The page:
Officer's Diary 19th to 22nd August 1944

Invasion of Normandy

Read by Nicholas Blatchley

Imperial War Museums - Public Domain https://commons.wikimedia.org/wiki/File:The_British_Army_in_Normandy_1944_B9427.jpg
Imperial War Museums - Public Domain https://commons.wikimedia.org/wiki/File:The_British_Army_in_Normandy_1944_B9427.jpg

Aug 19th ‘44 

We did not move until mid-day, which gave us a little time to recover from yesterday{‘s} tiring march.  This time we move on to southern outskirts of the town of ECOUCHE itself.  The team has been badly battered by shells & bombs & we have some difficulty in negotiating the piles of rubble.

The two gun positions (A & B Troop) are in exposed fields with the Battery C.P. in a small quarry about 40ft below ground level.  Between this quarry & the town was a much larger quarry which became the hiding place of the whole Regimental wagon lines. 

We were very interested to find that the town itself was occupied by a brigade of the Free French Armoured Division.  They had been in occupation for almost a week and had suffered some casualties when the town was bombed by Allied aircraft.  They were very well established in the town, being on very good terms with the local people.  We understand why they were called the Free French.!  In the evening two of the French soldiers  approached B Troop C.P and asked us to warn our sentries not to disturb them in the bushes!  Rain however, the first for nearly a fortnight put a damper on our feelings & our rejoicing. 

I blush to record that B Troop, owing to an error in the Command Post, fired 60 degrees off the line.  We calculated however that the rounds (3rds G.F) must have fallen amongst the Germans opposite the American front, who probably thought they were surrounded & gave themselves up.

Aug 20 ‘44   

We get sudden orders to move in the morning.  The C.P.O decides to take his tank on the advanced party and dashes off in fine style determined not to be late, alas, he forgot to unfasten the canvas covering the Battery C.P. and dragged it after him out of the quarry!  With the calmness born of long patience the C.P.O.A’s restored order as though this sort of thing happened every day.  We were due north from Ecouche into some open ground fringed with orchards.  We have just time for a meal when we move on again.

The Col: gives the order “Move independently” and there is a grand sight as 6 columns of guns charge across country, all converging on one narrow road, the road to Argentan. Our guns area is in open fields about 3 miles west of Argentan whose ruined skyline we can just see over the rising ground.  Away to the north / are wooded hills where we watch our Typhoons circling & diving.  Columns of smoke rising to show where they have “killed” another vehicle or dump.  There is no firing to be done and it occurs quite peaceful in the open fields untill {until} drenching rain drives us into our bivouacs.

Aug 21 ‘44     

It is still raining heavily in the morning as we pack up & prepare to move again.  We are ready to move on by 0845 hrs but it is 0945 before we are on the road owing to traffic congestion.  Just as the last vehicle in the Regt gets on the road, the head of the column in Argentan is halted at the Brigade Start point.  We wait nearly 3 hrs in the pouring rain, surveying the ruins of what was once a beautiful old-world town.  G.I. Joes pick their way over the rubble and the inevitable Jeeps dash around. splashing us with water coloured brick red from the pitted road.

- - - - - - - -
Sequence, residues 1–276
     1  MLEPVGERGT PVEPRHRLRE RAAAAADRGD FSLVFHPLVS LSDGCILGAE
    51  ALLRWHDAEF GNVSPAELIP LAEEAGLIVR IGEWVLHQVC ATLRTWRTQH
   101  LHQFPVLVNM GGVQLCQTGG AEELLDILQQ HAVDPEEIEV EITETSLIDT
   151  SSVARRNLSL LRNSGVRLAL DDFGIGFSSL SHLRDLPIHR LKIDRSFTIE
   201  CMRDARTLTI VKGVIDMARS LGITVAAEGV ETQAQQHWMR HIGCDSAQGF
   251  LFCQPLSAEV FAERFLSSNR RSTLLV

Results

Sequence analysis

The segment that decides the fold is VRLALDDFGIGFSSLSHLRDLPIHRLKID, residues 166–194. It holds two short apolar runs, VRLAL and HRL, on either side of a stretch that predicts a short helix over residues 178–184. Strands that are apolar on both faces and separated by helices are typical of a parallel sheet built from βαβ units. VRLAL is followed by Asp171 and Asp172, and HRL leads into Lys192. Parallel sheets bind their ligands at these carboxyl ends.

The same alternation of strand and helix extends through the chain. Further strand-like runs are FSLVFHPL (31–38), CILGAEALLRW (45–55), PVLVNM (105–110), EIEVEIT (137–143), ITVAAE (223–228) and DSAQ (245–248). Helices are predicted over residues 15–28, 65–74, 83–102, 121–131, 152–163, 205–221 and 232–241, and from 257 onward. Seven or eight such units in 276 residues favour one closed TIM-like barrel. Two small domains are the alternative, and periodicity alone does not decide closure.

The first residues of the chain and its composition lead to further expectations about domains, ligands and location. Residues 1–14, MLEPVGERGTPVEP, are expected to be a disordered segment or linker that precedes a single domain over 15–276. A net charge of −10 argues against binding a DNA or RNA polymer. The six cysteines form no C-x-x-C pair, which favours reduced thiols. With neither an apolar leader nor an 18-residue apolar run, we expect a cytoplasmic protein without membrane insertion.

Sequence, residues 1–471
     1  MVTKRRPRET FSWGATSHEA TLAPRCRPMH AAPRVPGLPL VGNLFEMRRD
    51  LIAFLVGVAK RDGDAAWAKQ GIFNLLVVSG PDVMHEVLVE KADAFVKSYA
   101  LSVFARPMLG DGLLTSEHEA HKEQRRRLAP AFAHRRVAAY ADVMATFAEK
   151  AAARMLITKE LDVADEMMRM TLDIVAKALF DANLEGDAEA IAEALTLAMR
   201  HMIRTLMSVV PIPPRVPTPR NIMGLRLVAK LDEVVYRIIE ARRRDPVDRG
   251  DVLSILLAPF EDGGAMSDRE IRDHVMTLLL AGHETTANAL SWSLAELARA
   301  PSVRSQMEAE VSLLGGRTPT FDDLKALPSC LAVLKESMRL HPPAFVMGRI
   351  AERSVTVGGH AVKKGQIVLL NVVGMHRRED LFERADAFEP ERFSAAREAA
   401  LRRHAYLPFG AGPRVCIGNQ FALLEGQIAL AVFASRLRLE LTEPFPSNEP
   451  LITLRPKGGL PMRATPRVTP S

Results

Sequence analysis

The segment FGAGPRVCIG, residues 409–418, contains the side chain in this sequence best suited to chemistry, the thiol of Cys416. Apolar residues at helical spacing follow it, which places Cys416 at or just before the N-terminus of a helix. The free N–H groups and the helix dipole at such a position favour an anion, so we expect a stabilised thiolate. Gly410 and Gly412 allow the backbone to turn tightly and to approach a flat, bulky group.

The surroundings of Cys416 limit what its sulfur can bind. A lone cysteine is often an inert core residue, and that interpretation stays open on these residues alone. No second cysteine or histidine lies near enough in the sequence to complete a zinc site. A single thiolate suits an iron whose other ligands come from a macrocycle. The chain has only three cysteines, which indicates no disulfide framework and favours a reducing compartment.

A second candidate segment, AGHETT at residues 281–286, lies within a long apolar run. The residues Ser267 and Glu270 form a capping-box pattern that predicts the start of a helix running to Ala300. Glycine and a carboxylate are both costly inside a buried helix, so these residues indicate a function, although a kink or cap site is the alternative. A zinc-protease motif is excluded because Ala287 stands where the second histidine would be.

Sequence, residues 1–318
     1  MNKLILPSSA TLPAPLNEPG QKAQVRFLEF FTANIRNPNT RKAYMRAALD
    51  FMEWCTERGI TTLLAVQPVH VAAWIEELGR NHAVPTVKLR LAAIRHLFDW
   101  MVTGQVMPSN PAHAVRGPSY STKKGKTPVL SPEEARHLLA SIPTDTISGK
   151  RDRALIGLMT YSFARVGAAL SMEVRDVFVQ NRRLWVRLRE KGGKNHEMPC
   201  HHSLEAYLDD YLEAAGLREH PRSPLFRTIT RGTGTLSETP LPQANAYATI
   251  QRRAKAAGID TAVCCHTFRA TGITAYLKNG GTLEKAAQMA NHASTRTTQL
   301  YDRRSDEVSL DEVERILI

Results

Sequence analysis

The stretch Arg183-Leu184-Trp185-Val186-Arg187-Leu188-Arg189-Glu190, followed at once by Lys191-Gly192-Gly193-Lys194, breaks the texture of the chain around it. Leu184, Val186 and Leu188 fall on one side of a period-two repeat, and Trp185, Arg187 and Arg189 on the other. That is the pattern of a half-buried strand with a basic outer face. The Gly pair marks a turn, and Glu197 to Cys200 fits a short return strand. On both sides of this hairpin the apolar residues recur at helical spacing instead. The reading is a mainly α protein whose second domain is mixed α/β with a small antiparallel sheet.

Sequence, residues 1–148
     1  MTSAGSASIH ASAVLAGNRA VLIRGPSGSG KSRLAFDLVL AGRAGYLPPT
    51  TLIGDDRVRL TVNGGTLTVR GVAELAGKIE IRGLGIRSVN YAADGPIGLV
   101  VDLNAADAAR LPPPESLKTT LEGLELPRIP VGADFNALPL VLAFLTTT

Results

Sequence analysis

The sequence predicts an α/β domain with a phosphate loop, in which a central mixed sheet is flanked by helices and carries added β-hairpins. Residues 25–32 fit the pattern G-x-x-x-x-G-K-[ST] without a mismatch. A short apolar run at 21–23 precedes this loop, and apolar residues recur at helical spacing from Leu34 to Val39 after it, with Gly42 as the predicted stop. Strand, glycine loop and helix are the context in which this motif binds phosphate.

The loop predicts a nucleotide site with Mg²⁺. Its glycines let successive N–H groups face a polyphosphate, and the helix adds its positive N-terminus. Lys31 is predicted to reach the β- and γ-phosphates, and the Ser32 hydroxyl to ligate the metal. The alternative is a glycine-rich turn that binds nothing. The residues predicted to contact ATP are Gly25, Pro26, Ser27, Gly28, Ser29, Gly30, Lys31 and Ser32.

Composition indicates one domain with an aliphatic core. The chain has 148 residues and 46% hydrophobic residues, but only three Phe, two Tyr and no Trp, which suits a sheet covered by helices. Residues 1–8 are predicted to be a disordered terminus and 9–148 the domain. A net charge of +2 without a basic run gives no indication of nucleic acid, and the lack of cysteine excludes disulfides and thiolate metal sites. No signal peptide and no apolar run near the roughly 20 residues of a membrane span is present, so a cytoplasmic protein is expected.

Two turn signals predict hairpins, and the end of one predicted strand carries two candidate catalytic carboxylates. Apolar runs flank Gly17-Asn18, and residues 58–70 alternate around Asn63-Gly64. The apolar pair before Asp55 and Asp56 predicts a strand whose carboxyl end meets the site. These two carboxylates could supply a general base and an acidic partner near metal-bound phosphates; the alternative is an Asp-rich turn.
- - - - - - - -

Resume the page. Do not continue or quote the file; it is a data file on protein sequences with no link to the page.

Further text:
At midday we move on again  only to be pushed off the road a few miles further on while more tanks go through.  We finally occupy positions west of EXMES but our targets are all out of range and we quickly move on again.  We get a terrific reception from the village of Exmes before getting into our final position for the night West of CROISSILLES. {Croisilles, Orne, Lower Normandy}. 

The command Post & wagon lines are well established at a large farm & the hospitable farmer & his wife, to say nothing of his daughters, distribute as much cider & Calvados as we can drink.  There are many refugees from Croiselles living in this farm.  Eggs & butter were welcome additions to our Compo.

Aug 22nd  ‘44           

The advance continues, this time without the rain.  We move first to a position N.E. of the village of LE ‘MERLERAUT.  It is in large open pasture land, the grounds of a modern Chateau which was formerly a Nazi SS Headquarters.  “A” Troop and the Battery Command Posts are in the area of one of the farms belonging to the Chateau.  It was waiting for the 2nd i/command to finish his recce that the advanced party is given a ‘Rocket’ from a Brigadier for not deploying the Regt.  The chase goes on and we have our fastest move of the campaign.

The route is changed while we are on the move and we catch up with the Advanced Parties.  We are held up only once when some snipers in a wood cause us some trouble and the local French Maquis warns us of mines.  At last after a week of moving down lanes we come to the main road to L’AIGLE and we make rapid progress. 

We have a grand welcome from the town of AUBE-SUR-RJE (?) {probably Aube-sur-Rille} before going into action just south of it facing towards L’AIGLE,  The Battery C.P. finds another hospitable farmer & his wife.  This farmer turns out to be a very active member of the French Maquis and is most willing to co-operate.

This page was added on 17/09/2013.

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